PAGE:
The Future of Product Development Jobs (or How Not to Become a Designosaur)
Written By: Cat McClintock

Last week, FastCo Design announced its candidates for “5 Design Jobs That Won’t Exist In The Future.” While some fall outside of this blog’s audience (UX, Visual), at least one hit close to home: Traditional Industrial Designers!

According to the FastCo story,

“…classically trained industrial designers who remain too attached to the ‘industrial’ parts of their profession—in other words, overly focused on the sculptural look of a product—will become, … “designosaurs.”

Designers who don't adapt to new technology risk becoming dinosaurs

Expand your skills to avoid becoming a designosaur. Image by Jakub Hatun via Wikimedia Commons

Designosaurs? We wish we would have thought of that word.

Note that the magazine isn’t saying good design no longer matters. Rather, that product designers will need to expand their skills to remain relevant.

"More than ever before, industrial design cannot exist in a vacuum," writes Artefact's Markus Wierzoch.  “The issue is that form no longer follows function and function only—software is also involved. That means industrial designers in the future will need to evolve to think about the total end-to-end user experience"

New job descriptions will replace traditional roles, according to the article, including those that fall under the category of “Post Industrial Design.”

"As every object becomes connected—from your couch to your fitness bracelet, the hospital room to your wallet—we need to think about connected experiences," says Wierzoch. "[These] offer much broader value propositions, which means we need to change the [design] processes used to define these objects beyond their immediate form and function."

In short, designers who want to move forward will need to take into account the Internet of Things (IoT).

(If you’re not yet familiar with the IoT, here’s a quick introductory video: 

FastCo continues:

“The designer of the future, charged with designing an electrical toothbrush, will need to make sure their toothbrush can connect to an app, give users brushing stats, as well as plug into the future smart home. It's just not enough to design something that cleans your teeth well anymore.”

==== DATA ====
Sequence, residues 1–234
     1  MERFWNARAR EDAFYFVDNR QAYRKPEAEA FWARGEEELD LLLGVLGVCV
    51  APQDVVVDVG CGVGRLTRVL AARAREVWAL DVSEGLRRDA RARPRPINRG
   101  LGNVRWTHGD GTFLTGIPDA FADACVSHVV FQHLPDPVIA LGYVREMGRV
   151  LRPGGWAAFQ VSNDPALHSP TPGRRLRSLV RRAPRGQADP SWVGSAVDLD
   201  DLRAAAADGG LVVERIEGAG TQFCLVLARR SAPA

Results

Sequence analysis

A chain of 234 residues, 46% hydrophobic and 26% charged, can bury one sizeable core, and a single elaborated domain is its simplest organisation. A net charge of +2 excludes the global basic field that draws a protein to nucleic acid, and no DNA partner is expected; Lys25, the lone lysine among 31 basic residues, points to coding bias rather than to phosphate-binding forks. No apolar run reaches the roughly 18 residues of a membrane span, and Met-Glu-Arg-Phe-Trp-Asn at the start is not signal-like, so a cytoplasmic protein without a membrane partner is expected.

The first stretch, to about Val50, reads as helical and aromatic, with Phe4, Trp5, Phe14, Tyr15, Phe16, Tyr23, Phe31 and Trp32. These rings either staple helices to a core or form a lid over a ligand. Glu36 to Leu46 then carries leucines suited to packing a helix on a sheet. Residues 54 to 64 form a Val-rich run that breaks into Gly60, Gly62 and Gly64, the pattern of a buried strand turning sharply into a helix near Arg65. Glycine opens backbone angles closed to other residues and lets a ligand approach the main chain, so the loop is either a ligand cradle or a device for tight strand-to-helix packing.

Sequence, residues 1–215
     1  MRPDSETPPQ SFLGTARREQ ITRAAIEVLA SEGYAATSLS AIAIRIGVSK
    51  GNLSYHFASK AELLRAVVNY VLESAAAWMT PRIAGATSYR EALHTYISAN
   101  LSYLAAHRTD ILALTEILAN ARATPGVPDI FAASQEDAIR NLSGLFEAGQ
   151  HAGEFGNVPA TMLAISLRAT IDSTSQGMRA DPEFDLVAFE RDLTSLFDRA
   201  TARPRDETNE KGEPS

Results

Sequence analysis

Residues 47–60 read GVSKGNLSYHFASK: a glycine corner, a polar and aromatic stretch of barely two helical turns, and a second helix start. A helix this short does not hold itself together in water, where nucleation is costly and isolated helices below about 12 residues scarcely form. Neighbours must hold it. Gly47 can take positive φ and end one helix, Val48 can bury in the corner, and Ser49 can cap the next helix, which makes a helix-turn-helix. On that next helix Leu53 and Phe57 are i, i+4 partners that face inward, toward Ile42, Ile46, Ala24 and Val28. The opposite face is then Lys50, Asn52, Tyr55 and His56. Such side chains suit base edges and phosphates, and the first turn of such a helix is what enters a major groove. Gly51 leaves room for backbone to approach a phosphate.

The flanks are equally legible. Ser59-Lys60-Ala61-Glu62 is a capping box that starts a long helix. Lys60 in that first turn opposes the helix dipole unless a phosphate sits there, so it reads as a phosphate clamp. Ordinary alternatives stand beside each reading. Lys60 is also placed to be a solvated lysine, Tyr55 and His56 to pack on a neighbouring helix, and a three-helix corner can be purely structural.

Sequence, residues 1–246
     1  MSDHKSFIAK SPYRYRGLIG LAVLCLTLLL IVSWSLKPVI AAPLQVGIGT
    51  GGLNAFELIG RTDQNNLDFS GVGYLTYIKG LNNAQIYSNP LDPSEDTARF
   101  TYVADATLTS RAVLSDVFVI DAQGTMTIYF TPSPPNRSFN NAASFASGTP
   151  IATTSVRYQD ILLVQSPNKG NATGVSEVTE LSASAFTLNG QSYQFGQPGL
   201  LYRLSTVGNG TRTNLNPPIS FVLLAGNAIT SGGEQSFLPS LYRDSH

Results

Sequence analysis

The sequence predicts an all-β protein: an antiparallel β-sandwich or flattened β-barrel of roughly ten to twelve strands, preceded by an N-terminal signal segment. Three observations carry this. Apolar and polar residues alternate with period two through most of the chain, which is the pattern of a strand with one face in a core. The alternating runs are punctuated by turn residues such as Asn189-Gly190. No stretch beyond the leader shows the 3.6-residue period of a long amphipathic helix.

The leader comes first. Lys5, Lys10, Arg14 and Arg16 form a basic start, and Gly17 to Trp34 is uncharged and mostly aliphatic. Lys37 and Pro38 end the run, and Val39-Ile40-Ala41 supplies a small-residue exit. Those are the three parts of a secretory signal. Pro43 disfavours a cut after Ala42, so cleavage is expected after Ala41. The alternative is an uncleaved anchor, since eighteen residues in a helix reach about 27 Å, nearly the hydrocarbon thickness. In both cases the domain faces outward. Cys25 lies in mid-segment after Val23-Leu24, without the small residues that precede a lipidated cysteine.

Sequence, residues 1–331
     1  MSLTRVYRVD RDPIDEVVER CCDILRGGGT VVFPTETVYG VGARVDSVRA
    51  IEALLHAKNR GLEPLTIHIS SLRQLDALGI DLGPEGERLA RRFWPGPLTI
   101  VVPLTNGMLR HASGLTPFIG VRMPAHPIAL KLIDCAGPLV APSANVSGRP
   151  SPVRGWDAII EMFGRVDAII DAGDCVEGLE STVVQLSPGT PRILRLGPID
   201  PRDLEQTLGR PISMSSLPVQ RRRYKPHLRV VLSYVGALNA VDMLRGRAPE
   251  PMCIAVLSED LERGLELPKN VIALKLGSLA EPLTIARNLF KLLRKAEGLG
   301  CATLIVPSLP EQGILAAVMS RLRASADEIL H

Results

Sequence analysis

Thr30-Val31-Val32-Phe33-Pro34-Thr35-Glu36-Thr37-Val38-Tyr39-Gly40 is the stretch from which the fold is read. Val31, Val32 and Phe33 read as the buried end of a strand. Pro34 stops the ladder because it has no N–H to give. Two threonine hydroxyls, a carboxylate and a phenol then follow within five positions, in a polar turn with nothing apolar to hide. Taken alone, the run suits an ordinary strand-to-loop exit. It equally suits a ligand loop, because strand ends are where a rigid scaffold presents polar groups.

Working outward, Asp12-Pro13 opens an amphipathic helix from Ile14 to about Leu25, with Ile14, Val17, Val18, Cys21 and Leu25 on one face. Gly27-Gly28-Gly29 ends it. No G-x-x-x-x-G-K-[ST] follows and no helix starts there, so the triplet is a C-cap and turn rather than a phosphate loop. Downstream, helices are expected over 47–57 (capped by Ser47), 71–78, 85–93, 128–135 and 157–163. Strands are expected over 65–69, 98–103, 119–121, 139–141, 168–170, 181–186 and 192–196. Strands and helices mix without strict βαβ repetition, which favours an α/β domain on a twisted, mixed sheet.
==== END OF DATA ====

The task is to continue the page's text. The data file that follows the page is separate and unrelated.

None of this is unlike what 10 industry experts told us recently about the future of product design.

“IoT is going to change the scale of data that modern product development and manufacturing companies are consuming,” says Oleg Shilovitsky of Beyond PLM. “A tremendous amount of data will be collected from connected devices and this can be transformed into consumable information assets”

What will the next generation of designers need to do with all that new data? Create more competitive designs.

With all this data, designers and engineers can see how products are used in the field, where customers tend to have problems, and what functions are not used, says Michelle Boucher, Vice President of Research for Engineering Software for research firm Tech- Clarity.  “This data can provide an invaluable resource to enable better decisions around product enhancement such as how to improve ease of use, where to make quality improvements, and what innovative ideas will benefit customers the most.”

Our experts go on to predict that designers can expect to see mixed reality reshaping their future, too.

“CIMdata sees a growing role for both virtual and augmented reality in the way CAD modeling will be both enhanced and leveraged, changing the way products are designed and supported,“ say two analysts from that firm.

Augmented reality demo

Augmented reality demo. With the AR app enabled on a mobile phone, users can see and interact with a 3D model (in this case a NASA space craft) on a real-world laptop keyboard.

“We’ll soon have a more immersive set of tools that afford us greater interaction with products in development,” says Al Dean, Editor-in-chief and cofounder DEVELOP3D Magazine. “Examples might be strapping on a virtual reality headset for a walk around your product iteration or an augmented reality headset that gives insight into that same product in the context of the real world.“

If we were to whip out our Magic 8 Ball, we’d say 3D CAD designers are in a good place. Good design is good design (still) while designing for data is not only smart, it’s the path that users are already on. Get on that path, think like a user, embrace IoT, data, mixed reality, and design. Stay relevant.

Find out more about what experts are saying about 3D CAD design, IoT, augmented reality, and the future of design. Download the free e-book here.

Download the future of product design ebook

Note: Additional mobile image used for this post, Sorry You Missed Us, by medlttx via Flickr.

Tags: CAD Retail and Consumer Products Connected Devices
About the Author Cat McClintock

Cat McClintock edits the Creo and Mathcad blogs for PTC.  She has been a writer and editor for 15+ years,  working for CAD, PDM, ERP, and CRM software companies. Prior to that, she edited science journals for an academic publisher and aligned optical assemblies for a medical device manufacturer. She holds degrees in Technical Journalism, Classics, and Electro-Optics. She loves talking to PTC customers and learning about the interesting work they're doing and the innovative ways they use the software.